Mango production in Bangladesh

20157800221According to the Daily Star, mango production in Rajshahi and Chapainawabganj districts in Bangladesh might be hampered by unfavourable weather this year. The farmers are worried as large numbers of fruits, up to 70%, fell from the trees before ripening. Following the attack by leaf hoppers earlier in March, mango trees in that area are now affected by an undiagnosed disease which has symptoms described as mould on leaves. This unconfirmed disease could potentially be caused by powdery mildew (Oidium mangiferae), but reliable pathogen diagnosis is needed before advising management strategies.

For advice on how to prevent and manage mango pests and diseases, such as powdery mildew, anthracnose and mango seed weevil, review the Green Lists hosted on the Plantwise knowledge bank providing cultural and biological management options.

The Green Lists are produced by Plantwise for use by plant doctors and extension workers who provide advice to farmers. To see more about the content held on the Plantwise knowledge bank, please click here.

Update: Plant Health News (20 May 15)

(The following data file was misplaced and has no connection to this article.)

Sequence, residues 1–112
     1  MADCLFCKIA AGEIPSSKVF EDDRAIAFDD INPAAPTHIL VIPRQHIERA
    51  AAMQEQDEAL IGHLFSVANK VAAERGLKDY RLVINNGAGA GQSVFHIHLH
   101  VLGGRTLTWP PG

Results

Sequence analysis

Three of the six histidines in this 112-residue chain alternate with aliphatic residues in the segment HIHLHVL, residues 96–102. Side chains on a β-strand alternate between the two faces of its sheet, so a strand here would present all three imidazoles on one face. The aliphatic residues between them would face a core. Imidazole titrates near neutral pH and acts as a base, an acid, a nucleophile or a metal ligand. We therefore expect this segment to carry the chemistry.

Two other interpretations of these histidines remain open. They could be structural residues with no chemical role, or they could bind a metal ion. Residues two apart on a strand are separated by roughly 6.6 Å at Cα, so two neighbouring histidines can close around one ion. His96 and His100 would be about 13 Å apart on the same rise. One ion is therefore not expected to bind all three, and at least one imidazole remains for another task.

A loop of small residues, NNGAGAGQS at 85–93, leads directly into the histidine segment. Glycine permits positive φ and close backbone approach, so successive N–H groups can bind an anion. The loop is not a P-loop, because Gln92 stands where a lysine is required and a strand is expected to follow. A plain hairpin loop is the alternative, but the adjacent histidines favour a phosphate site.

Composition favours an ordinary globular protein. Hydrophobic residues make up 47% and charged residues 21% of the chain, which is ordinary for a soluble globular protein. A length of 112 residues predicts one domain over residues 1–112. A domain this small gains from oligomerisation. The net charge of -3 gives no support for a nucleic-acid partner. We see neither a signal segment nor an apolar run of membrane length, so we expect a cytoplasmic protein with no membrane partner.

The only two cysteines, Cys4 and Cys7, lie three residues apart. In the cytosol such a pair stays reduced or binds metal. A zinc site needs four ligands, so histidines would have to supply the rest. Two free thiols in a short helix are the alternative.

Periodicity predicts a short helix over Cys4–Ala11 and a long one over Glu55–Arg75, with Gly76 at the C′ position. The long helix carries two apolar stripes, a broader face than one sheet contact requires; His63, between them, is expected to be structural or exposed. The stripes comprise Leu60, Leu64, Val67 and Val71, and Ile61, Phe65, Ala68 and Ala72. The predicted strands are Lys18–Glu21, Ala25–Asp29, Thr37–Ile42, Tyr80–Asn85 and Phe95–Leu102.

One of the illustrations from the pesticide safety guide produced by FAO and ILO (Image: Julien Batandéo)

One of the illustrations from the pesticide safety guide produced by FAO and ILO (Image: Julien Batandéo)

Here’s a taste of some of the latest stories about plant health, including a model for sustainable onion production in India, a new training guide produced by FAO and ILO to protect children form the harmful effects of pesticides and a Chinese agricultural technology company providing support to improve food production in Tanzania.

Click on the link to read more of the latest plant health news!
Read more of this post

Mobile phone app for Agricultural video animations

546a187544db8Scientific Animations without Borders (SAWBO) has released a mobile app for viewing their videos on agrilcuture, health and women’s empowerment.